Of course reality set in, and we realized that not only would we still not have enough money after selling everything we own, we probably wouldn't even be able to fill the fuel tanks on this beauty. Still, one can dream.

There are always at least a few decent 'blow-boats' in the marina here, and it's no secret that La Gringa and I are sailors at heart. We always detour by them to take a look when we get the chance;

Come to think of it, there just are not many boats that we don't like. I mean, they are all different, and we all know that all boats are compromises. But they are all good at something. Here are a couple of local TCI boats:

Conch Pearls are very rare, and valuable by the way. We have not seen one 'in the wild' yet. But then we have probably only cleaned a few hundred conch so far, at most.

Coming around to the other side of the marina, and considering our own power boat as being 'extra small', in this photo you have small, medium, large, and in the background to the right, the extra-large.

We did have a reason for kayaking over to this side of the marina. We had been exchanging emails for some time with a member of a fishing and boating forum where we 'hang out' online . We knew he has been down here fishing and getting this boat together for it's new owner. So we thought there was a chance we might catch member "reel fool" on the job.

And we did!:

Being so 'out of the way' down here we don't really get to meet many of the people we talk to on the internet. But it does happen every now and then, and yesterday was one of those days. We spent a half an hour ( five minutes if Jeff's boss is reading this) shooting the breeze while Jeff cleaned up the boat from their marlin fishing earlier this week. It's nice to be able to put a face to a screen name, and see that all these people we meet in cyberspace are, in most cases, reel people.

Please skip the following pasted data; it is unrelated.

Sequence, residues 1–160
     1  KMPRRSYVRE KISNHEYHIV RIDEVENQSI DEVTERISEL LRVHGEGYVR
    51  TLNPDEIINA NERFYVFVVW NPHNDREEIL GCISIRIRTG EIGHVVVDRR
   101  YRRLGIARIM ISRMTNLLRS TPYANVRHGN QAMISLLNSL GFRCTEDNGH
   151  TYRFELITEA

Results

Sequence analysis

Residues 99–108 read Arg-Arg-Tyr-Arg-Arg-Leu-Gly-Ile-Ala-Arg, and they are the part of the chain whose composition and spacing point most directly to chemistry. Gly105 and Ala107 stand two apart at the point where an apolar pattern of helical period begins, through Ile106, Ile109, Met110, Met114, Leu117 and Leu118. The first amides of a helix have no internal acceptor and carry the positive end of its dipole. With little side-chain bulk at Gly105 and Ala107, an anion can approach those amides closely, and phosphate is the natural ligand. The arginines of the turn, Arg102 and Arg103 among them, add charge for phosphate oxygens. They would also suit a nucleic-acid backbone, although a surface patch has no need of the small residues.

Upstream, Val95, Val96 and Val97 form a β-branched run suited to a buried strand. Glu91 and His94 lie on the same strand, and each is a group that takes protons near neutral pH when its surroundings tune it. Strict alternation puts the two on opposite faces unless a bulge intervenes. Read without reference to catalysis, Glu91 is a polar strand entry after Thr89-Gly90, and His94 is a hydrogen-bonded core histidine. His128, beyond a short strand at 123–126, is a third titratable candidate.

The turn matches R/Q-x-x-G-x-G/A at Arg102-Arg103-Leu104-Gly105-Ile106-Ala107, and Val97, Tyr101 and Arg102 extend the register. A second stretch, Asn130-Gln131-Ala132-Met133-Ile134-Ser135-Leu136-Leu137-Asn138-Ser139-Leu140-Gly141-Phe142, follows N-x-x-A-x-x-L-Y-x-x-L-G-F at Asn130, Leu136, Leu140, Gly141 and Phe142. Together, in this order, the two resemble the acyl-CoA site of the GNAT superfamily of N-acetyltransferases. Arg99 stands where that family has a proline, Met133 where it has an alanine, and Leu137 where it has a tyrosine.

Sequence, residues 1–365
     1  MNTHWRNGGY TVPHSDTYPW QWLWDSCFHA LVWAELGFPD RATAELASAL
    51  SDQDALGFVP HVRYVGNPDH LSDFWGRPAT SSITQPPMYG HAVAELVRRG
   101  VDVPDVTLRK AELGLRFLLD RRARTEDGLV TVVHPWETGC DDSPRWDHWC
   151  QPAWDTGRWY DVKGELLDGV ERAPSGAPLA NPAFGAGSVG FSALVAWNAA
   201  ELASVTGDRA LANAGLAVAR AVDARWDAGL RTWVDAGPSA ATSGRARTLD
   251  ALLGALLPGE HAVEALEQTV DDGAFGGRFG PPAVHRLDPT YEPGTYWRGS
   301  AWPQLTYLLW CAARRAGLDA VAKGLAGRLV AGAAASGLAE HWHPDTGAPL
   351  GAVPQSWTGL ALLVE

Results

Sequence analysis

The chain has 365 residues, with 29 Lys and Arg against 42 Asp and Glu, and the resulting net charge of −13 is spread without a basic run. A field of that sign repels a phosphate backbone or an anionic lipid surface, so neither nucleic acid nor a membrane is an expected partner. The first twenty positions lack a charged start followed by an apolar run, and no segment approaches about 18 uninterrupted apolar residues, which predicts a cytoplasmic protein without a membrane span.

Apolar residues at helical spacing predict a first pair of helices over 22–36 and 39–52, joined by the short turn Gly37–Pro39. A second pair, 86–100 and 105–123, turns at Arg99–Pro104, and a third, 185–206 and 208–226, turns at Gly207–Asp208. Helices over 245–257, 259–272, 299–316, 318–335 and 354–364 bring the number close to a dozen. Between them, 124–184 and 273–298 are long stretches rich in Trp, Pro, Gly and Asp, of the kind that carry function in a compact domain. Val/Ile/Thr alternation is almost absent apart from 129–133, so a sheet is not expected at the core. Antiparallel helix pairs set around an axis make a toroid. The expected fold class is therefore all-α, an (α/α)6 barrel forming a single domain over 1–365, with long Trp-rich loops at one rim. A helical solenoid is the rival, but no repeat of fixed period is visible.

We continued to explore Turtle Cove. It all really does look different from water level. We saw plenty more beautiful boats down for the billfishing :

And we were able to get a really close look at the sloop that I have already talked about here in earlier posts. Man, is that sucker smashed or what?

We could read the name off the stern, "Alliance"

If it were not for those lift bags, she would fall over and sink in the slip. I think the keel is probably touching bottom already. This reminded us of our earlier conviction that if we ever do get a decent sized sailboat down here, it will be a catamaran. Monohulls are heavier than water. They have weighted keels.  Let the water in, and they sink. Catamarans might end up upside down. But they will still be floating.